Commentary Magazine


Topic: unilateral declaration

The Case of the Disappearing PLO Mission Amendment

Earlier this week, I wrote a post wondering whether J Street has increased its influence on the Hill after the November election. A good test, I said, was whether J Street was able to rally enough objections to legislation responding to the UN vote. 

One of these amendments — which would have shuttered the PLO mission in D.C. — was dropped from the defense authorization bill that passed the Senate earlier this week. According to Open Zion’s Ali Gharib, this proves that J Street has gained clout in Washington:

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Earlier this week, I wrote a post wondering whether J Street has increased its influence on the Hill after the November election. A good test, I said, was whether J Street was able to rally enough objections to legislation responding to the UN vote. 

One of these amendments — which would have shuttered the PLO mission in D.C. — was dropped from the defense authorization bill that passed the Senate earlier this week. According to Open Zion’s Ali Gharib, this proves that J Street has gained clout in Washington:

It’s indeed a juicy indicator: immediately after the recent U.N. vote on upgrading Palestine’s status, AIPAC called for a “full review” of U.S. relations with the Palestinians, including closing the PLO’s office, and backed a measure that would do just that. A J Street campaign, on the other hand, marshaled 15,000 e-mails and phone calls to Congress opposing the amendment booting the PLO from D.C.

So, who won? J Street: the amendment, somewhat mysteriously, disappeared from the bill it was attached to. JTA‘s Ron Kampeas called it “a rare fail of the pro-Israel mainstream”—but that AIPAC no longer has the monopoly on the “pro-Israel mainstream” is precisely the lesson, by the lights of Alana Goodman, that we should take from this episode. The liberal group is gaining some real clout in Washington, and Goodman, having posited that the bill to punish Palestinians was a test, should pony up and acknowledge that, by even the metric she chose to introduce, J Street indeed can claim credit for some D.C. victories. Over to you, Alana.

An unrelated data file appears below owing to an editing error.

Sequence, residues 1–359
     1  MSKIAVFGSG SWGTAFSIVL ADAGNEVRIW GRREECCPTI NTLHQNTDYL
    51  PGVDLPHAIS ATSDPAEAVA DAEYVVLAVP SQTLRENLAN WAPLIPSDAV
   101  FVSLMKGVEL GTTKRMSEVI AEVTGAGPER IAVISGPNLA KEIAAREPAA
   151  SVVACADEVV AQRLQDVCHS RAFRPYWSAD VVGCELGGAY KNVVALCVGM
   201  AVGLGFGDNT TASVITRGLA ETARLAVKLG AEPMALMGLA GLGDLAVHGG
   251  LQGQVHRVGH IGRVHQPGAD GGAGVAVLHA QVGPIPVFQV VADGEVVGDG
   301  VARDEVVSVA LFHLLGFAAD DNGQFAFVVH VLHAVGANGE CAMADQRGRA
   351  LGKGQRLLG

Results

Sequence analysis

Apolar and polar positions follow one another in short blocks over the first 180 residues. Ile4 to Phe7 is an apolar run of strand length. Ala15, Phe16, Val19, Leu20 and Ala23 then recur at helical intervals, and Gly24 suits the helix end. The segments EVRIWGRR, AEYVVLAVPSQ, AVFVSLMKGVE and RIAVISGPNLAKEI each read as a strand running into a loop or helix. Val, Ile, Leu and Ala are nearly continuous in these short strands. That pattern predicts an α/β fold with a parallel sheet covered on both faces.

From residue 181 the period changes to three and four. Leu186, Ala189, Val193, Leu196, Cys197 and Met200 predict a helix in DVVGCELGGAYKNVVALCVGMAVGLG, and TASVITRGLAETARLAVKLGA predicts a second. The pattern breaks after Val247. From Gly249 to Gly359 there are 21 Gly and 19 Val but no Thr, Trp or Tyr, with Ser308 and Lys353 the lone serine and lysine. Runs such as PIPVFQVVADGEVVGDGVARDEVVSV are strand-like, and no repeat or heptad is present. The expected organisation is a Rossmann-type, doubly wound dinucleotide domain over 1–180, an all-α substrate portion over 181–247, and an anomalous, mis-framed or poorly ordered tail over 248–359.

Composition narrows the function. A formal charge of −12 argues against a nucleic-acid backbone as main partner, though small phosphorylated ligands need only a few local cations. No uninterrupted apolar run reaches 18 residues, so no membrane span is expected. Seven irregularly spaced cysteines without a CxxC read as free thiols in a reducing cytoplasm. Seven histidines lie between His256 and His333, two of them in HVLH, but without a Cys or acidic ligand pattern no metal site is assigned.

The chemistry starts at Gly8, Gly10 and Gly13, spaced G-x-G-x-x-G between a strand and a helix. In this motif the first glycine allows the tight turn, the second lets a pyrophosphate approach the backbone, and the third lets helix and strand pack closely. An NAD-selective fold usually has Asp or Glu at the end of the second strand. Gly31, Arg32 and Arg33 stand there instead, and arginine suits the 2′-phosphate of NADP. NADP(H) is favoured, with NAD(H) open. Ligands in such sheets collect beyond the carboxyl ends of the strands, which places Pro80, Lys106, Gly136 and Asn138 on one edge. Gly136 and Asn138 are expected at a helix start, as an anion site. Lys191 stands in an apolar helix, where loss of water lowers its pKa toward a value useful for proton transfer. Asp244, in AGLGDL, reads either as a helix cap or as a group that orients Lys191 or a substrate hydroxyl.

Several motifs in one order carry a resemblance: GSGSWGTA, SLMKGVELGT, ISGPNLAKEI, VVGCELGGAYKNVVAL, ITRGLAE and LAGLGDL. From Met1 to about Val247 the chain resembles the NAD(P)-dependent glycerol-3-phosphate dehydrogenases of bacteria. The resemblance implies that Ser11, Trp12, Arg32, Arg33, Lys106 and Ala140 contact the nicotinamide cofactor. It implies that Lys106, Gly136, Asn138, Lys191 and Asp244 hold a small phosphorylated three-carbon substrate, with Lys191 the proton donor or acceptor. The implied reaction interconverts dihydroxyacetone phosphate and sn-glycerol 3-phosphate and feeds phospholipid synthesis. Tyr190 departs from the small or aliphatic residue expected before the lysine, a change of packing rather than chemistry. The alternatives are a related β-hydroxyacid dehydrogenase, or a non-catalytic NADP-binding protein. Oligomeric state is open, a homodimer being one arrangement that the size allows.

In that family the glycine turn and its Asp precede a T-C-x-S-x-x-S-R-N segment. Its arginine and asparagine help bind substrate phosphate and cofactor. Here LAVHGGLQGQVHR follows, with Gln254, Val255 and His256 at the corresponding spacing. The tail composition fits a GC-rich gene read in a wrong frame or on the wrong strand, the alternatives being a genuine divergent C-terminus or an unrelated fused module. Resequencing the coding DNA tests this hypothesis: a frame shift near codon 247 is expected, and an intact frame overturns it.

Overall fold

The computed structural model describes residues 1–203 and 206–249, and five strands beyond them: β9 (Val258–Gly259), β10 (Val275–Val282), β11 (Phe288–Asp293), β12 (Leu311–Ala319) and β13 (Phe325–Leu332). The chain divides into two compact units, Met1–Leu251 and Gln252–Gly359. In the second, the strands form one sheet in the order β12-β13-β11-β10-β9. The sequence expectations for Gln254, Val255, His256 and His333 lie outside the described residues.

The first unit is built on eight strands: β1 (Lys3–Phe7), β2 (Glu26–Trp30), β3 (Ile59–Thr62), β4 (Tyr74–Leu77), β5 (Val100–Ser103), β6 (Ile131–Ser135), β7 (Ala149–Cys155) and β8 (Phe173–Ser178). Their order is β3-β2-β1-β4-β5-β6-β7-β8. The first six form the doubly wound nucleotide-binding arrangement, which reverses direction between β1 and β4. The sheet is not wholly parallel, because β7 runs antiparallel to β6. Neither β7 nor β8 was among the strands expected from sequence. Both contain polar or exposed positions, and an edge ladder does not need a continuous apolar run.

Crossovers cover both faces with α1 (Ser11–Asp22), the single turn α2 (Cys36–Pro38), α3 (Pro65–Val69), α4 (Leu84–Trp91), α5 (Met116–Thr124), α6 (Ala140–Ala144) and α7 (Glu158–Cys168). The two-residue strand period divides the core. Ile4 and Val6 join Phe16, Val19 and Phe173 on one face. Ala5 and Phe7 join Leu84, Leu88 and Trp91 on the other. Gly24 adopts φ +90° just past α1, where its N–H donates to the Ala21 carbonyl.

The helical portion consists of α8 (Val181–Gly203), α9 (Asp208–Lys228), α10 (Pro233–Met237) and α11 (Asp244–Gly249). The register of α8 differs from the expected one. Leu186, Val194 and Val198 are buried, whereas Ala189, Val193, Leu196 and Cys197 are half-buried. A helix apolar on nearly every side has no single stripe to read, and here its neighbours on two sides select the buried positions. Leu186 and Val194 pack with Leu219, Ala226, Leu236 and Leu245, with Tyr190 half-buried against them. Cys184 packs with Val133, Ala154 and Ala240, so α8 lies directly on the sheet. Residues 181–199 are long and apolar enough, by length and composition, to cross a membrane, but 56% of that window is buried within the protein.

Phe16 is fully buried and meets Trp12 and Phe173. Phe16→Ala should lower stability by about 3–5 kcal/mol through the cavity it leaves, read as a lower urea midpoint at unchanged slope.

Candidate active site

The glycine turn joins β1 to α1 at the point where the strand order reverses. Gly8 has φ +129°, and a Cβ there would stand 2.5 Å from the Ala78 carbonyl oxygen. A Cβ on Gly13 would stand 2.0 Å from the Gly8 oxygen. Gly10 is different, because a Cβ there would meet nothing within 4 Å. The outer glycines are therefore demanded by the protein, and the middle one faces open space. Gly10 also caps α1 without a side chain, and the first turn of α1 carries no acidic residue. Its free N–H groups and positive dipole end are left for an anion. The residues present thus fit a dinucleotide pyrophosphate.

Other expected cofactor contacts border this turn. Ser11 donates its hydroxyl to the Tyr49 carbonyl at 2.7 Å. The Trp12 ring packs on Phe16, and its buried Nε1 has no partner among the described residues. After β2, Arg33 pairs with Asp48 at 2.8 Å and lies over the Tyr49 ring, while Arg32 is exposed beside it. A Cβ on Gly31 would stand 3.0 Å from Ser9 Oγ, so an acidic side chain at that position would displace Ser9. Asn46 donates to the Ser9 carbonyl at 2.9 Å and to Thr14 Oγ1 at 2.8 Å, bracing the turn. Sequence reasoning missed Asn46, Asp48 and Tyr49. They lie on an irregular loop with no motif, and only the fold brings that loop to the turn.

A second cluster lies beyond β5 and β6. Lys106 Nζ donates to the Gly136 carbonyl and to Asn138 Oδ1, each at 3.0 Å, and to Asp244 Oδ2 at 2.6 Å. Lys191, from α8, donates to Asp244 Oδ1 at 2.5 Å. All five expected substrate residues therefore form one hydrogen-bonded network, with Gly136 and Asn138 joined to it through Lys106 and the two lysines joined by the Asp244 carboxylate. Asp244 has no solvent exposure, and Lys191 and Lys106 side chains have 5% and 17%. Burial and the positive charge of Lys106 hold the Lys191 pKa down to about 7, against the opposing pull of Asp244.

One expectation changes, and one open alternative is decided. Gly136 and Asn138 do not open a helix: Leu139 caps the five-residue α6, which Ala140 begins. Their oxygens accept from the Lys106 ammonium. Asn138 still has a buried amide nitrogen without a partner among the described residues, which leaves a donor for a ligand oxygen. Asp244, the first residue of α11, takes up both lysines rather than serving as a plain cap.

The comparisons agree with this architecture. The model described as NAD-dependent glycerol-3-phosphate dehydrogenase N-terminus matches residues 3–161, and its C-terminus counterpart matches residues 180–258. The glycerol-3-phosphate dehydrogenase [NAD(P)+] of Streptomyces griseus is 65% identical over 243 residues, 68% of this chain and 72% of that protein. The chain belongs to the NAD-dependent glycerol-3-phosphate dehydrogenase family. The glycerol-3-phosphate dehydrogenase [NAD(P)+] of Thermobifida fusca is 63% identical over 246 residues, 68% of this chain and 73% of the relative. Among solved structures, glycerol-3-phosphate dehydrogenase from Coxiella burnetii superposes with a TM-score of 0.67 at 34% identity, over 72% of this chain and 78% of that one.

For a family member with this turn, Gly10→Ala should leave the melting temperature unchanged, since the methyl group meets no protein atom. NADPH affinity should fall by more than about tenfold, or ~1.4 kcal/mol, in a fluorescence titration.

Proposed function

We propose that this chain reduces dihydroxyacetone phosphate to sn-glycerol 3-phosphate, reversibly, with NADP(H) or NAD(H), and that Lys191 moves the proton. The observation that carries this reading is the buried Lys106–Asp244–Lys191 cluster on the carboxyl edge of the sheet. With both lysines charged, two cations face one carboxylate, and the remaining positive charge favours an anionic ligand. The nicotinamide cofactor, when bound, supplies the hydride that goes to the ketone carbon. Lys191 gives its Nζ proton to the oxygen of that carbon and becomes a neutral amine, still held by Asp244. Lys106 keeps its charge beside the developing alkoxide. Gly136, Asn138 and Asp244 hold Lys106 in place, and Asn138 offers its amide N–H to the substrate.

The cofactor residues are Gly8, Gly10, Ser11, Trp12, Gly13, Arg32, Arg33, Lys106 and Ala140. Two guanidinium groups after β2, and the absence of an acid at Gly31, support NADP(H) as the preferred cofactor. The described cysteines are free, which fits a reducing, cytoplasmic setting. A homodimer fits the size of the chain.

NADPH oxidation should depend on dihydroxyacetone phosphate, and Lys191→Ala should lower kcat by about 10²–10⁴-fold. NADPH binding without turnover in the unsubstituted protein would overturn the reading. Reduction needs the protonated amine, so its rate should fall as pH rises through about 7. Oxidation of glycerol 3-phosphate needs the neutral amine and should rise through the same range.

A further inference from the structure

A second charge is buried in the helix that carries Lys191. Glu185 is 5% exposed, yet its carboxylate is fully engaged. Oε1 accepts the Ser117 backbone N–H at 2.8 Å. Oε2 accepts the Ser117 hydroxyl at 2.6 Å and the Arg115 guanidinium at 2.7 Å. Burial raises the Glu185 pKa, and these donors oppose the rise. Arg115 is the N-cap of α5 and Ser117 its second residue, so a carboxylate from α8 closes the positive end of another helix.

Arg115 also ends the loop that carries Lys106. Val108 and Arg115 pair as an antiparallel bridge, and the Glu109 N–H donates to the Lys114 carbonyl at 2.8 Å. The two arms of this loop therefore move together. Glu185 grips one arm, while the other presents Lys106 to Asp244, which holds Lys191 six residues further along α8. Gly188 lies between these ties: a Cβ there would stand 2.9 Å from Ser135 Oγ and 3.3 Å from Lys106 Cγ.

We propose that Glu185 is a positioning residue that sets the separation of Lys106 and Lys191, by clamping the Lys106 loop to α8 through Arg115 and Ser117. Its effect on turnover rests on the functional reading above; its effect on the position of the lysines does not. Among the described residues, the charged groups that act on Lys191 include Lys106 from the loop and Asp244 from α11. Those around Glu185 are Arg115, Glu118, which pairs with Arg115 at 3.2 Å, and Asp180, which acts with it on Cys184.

Did the amendment “mysteriously” disappear, as Ali writes? No — well, at least not to anybody who bothered to pick up a phone and ask. The amendment was dropped from the bill because of a technicality in Senate procedure, according to Senator Lindsey Graham’s office, which sponsored it.

“Once cloture was invoked, the amendment was not eligible for a vote because it was not technically germane to the legislation,” said Graham spokesperson Kevin Bishop.

Bishop added that Graham “will continue to explore opportunities for passing the legislation.”

More than 400 amendments were filed on the defense authorization bill and debated for days. More than half of them were dropped, either because they were considered technically non-germane (like the amendment to close the PLO mission) or overly contentious (the Obama administration threatened to veto the bill if certain provisions were included). Typically, there is a lot of conflict over the defense authorization bill, but this year it passed easily through unanimous consent, largely because amendments that may have raised objections were taken out. Senators were eager to rush this thing out the door and focus on the fiscal cliff debate.

Was this because of J Street? I’m sure that’s what J Street would like people to believe. In fact, the amendment was one of hundreds that disappeared because of a procedural technicality or administration objection. “Mystery” solved.

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Missing John Howard

The United Nations General Assembly vote to recognize Palestine as a non-member observer state was a defeat for Obama administration diplomacy. The problem for Obama and Secretary of State Clinton was not their opposition to Palestinian statehood: Obama is certainly sympathetic to the Palestinian cause, as are most within the State Department. In this, as the press often forgets, they also join most Israelis who desire a two-state solution, albeit it one that will guarantee peace and security. The problem with the UN vote—and the reason for the U.S. vote against—was its unilateralism: The Palestinians had committed at Oslo to negotiate with Israel as a condition of the Palestinian Authority’s existence, and for the last four years, this they have refused to do, choosing instead to cast aside their earlier commitments just the same as Hamas has refused to abide by commitments made by their predecessors in the Palestinian parliament.